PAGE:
Friday, 10 May 2019

Noah's Ark abandoned

Over the last 48 hours we've had more than our fair share of rain. So heavy was the downpour at times that I considered that an ark could be needed. Not having been trained in ark building (arkeology?) I took my instructions from the 15th Century Chester Miracle Play:

                               One hundred cubetts it shall be longe,
                               And fiftie brode, to make yt stronge,
                               Of heighte fifty...
                                   Thus messuer it about.

Ever though I made a conservative guess about the length of a cubit, I realised it wouldn't fit in the garden, so I gave up on the idea.

As is oft the way the skies cleared, a dove came into the garden with a twig, and on Friday afternoon I made my way over to Stefen Hill Pocket Park.

The rain had been accompanied by some high winds and this Small (Cabbage) White, Pieris rapae, had received a bit of a battering, a forewing having been torn. The forewing can have two black spots, one spot or, as in this example, with a spot so faint it can barely be seen.
Small White displaying a war wound. Stefen Hill Pocket Park.
10 May, 2019
I ventured into an area of the park which, for some reason, I had barely seen before and was delighted to find maybe a couple of dozen plants of Cuckooflower, Cardamine pratensis. It other widely used name is Lady's Smock. Milkmaids and Fairyflower are more local names.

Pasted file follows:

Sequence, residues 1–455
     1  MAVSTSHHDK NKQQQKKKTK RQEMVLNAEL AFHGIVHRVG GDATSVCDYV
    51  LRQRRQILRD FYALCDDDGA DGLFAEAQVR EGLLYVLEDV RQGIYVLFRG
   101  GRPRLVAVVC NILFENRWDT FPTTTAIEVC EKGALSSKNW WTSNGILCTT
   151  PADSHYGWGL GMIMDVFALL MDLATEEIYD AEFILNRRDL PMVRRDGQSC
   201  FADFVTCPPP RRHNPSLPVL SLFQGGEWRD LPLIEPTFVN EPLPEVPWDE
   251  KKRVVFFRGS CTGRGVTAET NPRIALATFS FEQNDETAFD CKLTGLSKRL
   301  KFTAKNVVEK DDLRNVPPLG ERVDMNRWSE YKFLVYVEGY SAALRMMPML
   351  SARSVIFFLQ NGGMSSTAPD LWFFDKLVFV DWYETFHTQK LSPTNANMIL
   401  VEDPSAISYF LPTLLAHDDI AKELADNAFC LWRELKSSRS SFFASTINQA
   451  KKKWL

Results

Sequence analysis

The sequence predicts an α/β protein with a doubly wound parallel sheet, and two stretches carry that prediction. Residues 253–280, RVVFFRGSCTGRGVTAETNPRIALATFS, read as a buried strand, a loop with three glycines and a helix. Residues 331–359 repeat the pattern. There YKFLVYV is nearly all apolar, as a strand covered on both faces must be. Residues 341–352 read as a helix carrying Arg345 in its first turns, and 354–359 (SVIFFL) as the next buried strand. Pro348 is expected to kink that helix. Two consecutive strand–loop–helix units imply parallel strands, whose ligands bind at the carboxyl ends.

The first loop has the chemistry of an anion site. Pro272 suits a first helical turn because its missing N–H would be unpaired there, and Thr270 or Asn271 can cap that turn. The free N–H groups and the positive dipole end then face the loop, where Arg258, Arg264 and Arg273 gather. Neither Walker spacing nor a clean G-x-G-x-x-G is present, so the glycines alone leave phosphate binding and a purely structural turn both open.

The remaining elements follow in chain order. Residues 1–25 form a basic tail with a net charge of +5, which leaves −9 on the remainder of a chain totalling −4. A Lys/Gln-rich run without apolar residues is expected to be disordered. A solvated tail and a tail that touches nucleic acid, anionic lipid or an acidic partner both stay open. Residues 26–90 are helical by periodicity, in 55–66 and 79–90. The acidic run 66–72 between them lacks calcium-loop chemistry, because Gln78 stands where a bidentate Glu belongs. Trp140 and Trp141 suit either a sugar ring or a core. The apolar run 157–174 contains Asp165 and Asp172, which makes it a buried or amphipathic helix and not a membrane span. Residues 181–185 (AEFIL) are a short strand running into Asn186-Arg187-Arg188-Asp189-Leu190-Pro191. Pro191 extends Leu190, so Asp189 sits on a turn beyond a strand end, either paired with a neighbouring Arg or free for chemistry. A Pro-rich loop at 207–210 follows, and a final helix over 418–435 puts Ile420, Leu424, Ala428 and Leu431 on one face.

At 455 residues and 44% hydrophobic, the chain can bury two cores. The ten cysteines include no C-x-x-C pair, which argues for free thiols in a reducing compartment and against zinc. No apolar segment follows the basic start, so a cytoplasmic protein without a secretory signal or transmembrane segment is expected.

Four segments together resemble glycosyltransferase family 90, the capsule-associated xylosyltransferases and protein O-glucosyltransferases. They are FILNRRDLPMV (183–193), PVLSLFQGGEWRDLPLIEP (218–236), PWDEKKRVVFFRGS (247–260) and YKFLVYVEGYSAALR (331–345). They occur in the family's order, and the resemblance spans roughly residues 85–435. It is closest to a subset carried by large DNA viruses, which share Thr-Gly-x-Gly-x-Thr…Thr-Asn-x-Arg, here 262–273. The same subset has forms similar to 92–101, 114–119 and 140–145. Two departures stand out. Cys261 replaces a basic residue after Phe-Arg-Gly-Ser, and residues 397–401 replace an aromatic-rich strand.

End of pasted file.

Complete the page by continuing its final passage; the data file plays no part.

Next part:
Cuckooflowers are still found here and there. One place is
Stefen Hill Pocket Park, Daventry. 10 May, 2019

A century or more ago it was probably one of Britain's commonest wild flowers and was a major food plant for the caterpillar of the Orange Tip butterfly, Anthocharis cardamines. Widespread drainage has led to a steep decline in the abundance of Cuckooflower and nowadays The Orange Tip probably relies more on the still-abundant Hedge Garlic. Given half a chance the caterpillars will eat any less-developed specimens for they are enthusiastic cannibals.

Too wet and cold to fly away.
In the wet grass I found a very bedraggled bee. I took it home for a closer examination and despite the wet pile on its thorax and abdomen I felt fairly sure it was a Field Cuckoo Bee, Bombus campestris. As it dried out the pattern of hairs on the abdomen became clearer and, with its 15 mm wingspan I became more convinced. However, I won't add it to the park list as I really am not experienced enough with Bombus species, especially wet ones! I released it later.

Cuckoo bees, as the name suggests are parasitic on other bumblebees, the queen cuckoo bee killing the queen bumblebee and laying her eggs in the nest of the victim. The young are then raised by the bumblebee workers.

Field Cuckoo Bee? I can't be sure.
Stefen Hill Pocket Park, 10 May, 2019
I have been disappointed that the pocket park contains no oak trees - or so I thought. As I left this under-visited area, partly concealed by a spreading Norway maple, I found a specimen. One reason I was pleased is that oaks are often afflicted by interesting galls, mostly the work of tiny wasps. I found none today but I'll monitor this tree over the next few months.

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